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Imperial Politics and Symbolics in Ancient JapanThe Tenmu Dynasty, 650-800$
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Herman Ooms

Print publication date: 2008

Print ISBN-13: 9780824832353

Published to Hawaii Scholarship Online: November 2016

DOI: 10.21313/hawaii/9780824832353.001.0001

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Allochthons

Allochthons

Chapter:
(p.86) 4 Allochthons
Source:
Imperial Politics and Symbolics in Ancient Japan
Author(s):

Herman Ooms

Publisher:
University of Hawai'i Press
DOI:10.21313/hawaii/9780824832353.003.0004

This chapter discusses the contributions of “Allochthons”—people who could be aliens, immigrants, refugees, or prisoners of war and were familiar with continental practices. The various domains of continental knowledge were organized through elaborate discourses framed by yin-yang hermeneutics and pragmatics based upon the Yijing (Book of Change). As far as the record shows, yin-yang knowledge came over sporadically from Paekche to Yamato during the sixth century. Its transmission took place with the ceremonial presentations of books and men of learning—usually Buddhist monks from Paekche—to the great Yamato kings in 513 and 553. Eventually, portents started to be exploited for political purposes in the beginning of the seventh century by the Soga clan.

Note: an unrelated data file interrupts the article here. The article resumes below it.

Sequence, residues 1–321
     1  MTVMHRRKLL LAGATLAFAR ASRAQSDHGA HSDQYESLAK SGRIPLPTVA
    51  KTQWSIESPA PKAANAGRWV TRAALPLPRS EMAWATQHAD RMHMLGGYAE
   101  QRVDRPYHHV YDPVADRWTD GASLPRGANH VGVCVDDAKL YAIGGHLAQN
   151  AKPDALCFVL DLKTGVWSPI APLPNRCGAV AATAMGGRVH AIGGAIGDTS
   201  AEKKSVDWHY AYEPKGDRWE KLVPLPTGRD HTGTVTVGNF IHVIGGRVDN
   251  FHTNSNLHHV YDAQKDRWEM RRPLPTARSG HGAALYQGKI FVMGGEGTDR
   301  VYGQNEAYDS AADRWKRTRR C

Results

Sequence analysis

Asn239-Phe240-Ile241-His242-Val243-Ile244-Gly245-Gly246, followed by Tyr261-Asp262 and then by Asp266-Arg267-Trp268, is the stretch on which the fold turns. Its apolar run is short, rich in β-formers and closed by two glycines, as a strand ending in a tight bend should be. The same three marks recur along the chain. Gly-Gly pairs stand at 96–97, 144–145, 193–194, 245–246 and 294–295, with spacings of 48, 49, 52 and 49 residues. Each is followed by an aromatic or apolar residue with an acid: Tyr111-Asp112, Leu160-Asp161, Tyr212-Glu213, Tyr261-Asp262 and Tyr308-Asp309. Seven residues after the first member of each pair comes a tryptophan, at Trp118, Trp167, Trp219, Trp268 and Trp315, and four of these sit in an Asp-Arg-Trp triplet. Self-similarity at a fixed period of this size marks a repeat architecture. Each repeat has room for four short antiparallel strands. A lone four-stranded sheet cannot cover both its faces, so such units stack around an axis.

Keywords:   allochthons, continental knowledge, continental practices, yin-yang knowledge, Yijing, Paekche, Buddhist monks, portents

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